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The Bourne Identity

By Anthony Jennings

Unlike neighbouring towns such as Stamford, Grantham and Spalding few books have been published about Bourne. Mr Birkbeck’s history of the town, Dr McGregor’s book of historic photographs and another book of old photographs published by Lane’s newsagents are all that I can recall in recent years, though Rex Needle’s admirable website did a good job of making up for the shortage of printed material. Anthony Jennings has gone some way to make up for this paucity of print with a book that’s not quite a history book, not quite an architectural book and not quite a guidebook but a very interesting and readable mixture of all three.

The book is based on a series of fifty articles which Anthony had written for the Bourne Local between 2013 and 2018. The central theme is the importance and desirability of caring for the town’s built environment. As Mr Jennings says in his introduction “It is not always understood how much a market town benefits from a well presented town centre. A place will not prosper unless it becomes and remains an attractive environment for residents and visitors alike, particularly at a time when our towns and cities face significant threats”.  

Starting with a history of the building conservation movement and a brief outline of the legislation Mr Jennings goes on to discuss some of Bourne’s more significant individual buildings. Some such as the old Grammar School in the churchyard and the Cemetery chapel are still in danger due to neglect and lack of maintenance.  Even the Red Hall, Bourne’s finest old house, was threatened with demolition right up until the 1960s and was saved largely by the efforts of Jack Burchnall and funding from Bourne United Charities.  It seems tucked away now, but Anthony describes how it was once highly visible from South Street with a castellated entrance where the car wash is now. He suggests the Hall deserves a finer approach and describes a way this could be achieved.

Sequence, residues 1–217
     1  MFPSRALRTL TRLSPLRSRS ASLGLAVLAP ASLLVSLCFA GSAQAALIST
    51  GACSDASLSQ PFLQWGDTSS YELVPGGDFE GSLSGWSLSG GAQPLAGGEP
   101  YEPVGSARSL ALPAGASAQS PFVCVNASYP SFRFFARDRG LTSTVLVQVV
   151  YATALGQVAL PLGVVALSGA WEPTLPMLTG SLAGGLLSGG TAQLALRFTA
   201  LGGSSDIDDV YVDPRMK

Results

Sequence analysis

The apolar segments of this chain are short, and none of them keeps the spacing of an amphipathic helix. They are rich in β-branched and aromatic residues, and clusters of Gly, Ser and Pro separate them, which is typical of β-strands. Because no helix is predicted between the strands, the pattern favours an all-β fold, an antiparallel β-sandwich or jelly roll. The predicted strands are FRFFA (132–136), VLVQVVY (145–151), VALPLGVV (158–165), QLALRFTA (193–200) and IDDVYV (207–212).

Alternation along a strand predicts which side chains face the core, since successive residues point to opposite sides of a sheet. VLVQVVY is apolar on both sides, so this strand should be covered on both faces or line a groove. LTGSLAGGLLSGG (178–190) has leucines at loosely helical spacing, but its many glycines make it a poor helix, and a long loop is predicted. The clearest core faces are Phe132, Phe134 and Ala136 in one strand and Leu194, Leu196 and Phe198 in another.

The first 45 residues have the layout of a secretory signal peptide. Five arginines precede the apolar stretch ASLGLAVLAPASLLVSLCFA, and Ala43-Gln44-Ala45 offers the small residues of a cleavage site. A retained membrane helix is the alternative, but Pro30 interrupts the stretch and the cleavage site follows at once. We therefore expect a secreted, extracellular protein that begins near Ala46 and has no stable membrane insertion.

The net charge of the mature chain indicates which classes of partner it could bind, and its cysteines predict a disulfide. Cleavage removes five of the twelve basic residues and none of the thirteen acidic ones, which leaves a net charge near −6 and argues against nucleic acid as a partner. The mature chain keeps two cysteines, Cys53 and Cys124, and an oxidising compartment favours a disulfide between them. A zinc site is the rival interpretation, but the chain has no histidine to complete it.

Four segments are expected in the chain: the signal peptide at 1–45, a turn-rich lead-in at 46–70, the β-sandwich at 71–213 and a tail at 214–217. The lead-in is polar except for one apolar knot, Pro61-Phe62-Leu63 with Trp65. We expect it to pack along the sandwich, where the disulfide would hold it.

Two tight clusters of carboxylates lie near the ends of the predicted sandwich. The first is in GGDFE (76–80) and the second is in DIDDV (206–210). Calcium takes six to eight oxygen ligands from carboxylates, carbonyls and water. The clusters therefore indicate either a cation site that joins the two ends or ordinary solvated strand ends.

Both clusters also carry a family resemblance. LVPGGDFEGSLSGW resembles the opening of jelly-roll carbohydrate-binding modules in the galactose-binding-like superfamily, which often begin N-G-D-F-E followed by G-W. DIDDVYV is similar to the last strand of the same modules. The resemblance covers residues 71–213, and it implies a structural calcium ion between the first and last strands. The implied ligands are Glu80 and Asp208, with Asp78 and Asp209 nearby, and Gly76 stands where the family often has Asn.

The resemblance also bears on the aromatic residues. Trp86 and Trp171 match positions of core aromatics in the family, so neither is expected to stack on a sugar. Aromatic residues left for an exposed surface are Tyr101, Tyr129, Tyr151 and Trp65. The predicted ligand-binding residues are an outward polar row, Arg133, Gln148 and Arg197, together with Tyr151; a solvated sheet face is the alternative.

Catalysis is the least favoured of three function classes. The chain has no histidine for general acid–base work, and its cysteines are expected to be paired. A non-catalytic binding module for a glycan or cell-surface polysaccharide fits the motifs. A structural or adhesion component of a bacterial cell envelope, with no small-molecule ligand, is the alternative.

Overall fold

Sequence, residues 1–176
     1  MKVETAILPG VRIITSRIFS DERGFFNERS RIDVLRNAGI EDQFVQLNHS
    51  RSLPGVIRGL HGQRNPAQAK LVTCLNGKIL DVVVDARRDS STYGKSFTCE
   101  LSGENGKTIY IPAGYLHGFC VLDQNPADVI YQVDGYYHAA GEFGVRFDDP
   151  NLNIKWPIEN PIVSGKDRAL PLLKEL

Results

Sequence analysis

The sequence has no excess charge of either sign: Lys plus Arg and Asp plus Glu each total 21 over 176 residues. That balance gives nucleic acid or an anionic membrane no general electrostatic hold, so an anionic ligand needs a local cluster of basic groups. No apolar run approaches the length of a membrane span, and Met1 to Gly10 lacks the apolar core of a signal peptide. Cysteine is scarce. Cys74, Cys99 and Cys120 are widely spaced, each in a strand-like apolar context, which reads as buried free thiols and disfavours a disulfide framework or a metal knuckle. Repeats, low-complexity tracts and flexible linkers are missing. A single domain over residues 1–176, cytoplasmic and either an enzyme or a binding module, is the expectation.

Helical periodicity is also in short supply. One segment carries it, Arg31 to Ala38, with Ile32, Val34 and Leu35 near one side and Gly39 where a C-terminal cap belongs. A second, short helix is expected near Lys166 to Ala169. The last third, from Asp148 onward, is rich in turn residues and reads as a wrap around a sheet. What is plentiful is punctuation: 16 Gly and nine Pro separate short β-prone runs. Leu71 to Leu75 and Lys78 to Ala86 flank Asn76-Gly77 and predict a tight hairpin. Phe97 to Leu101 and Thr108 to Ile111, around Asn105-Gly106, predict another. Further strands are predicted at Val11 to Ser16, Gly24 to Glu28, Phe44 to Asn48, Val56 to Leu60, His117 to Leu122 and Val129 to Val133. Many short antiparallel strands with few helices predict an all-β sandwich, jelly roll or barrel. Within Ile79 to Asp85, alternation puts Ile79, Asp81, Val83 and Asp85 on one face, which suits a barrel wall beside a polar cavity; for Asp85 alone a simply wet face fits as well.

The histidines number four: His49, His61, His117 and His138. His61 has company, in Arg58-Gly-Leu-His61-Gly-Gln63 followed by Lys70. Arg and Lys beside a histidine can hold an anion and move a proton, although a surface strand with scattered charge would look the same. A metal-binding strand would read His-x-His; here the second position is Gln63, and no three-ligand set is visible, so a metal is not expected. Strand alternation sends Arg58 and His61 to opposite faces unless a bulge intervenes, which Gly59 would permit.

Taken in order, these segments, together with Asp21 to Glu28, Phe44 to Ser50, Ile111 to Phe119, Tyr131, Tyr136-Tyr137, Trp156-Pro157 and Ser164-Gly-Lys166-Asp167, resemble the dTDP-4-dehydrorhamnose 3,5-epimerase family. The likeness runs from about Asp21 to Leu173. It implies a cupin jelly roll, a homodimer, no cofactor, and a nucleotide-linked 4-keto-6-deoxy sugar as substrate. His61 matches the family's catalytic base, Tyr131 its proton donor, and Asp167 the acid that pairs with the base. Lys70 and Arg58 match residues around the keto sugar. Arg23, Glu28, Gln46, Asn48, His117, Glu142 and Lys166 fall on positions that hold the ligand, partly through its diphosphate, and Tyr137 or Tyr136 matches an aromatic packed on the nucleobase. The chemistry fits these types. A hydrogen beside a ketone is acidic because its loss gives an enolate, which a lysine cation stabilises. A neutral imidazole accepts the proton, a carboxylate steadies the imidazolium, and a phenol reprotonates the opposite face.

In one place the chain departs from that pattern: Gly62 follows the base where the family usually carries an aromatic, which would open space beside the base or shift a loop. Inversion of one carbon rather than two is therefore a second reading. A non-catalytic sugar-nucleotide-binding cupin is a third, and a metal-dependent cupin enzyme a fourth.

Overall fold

For many the most interesting and informative chapters will be those on Bourne’s listed buildings. There are six of these each covering a different street or area. The reader can follow a walk with a description of listed and significant buildings along with other features of note in each area. Anthony has a good eye for detail as he picked out one or two things I’ve never noticed before despite living in and around Bourne for sixty odd years. So no matter how long you’ve lived here the book will highlight features of the town you’ve not previously been aware of.

There’s a chapter on mud and stud building, Lincolnshire’s very own vernacular style. It consists of a framework of wooden laths covered with a mixture of mud and chopped straw and painted with lime wash containing linseed oil or animal fat. Doesn’t sound very permanent does it – but Lincolnshire has many surviving examples, some over seven hundred years old. Unfortunately, those in Bourne haven’t survived. There were several down Bedehouse Bank which were still inhabited until the 1970s but now all gone. The unsuccessful campaign to stop the demolition of one of these, Miss Adam’s cottage, was the catalyst for the formation of the Bourne Civic Society in 1978.

Anthony discusses the spread of nondescript housing and retail development on the outskirts of the town and the way in which this can alter the character of a small market town such as Bourne, perhaps turning it from a somewhere into an anywhere.  For example, one fairly unusual but very pleasant feature of Bourne was that via the Wellhead, open countryside came almost to the town centre. Now the Elsea Park development has cut the Wellhead off from the countryside. This certainly is detrimental to the character of the town. Imagine the reaction in Stamford if a similar development surrounding the Meadows was proposed.


Price £14.95

Book review by Peter Neumann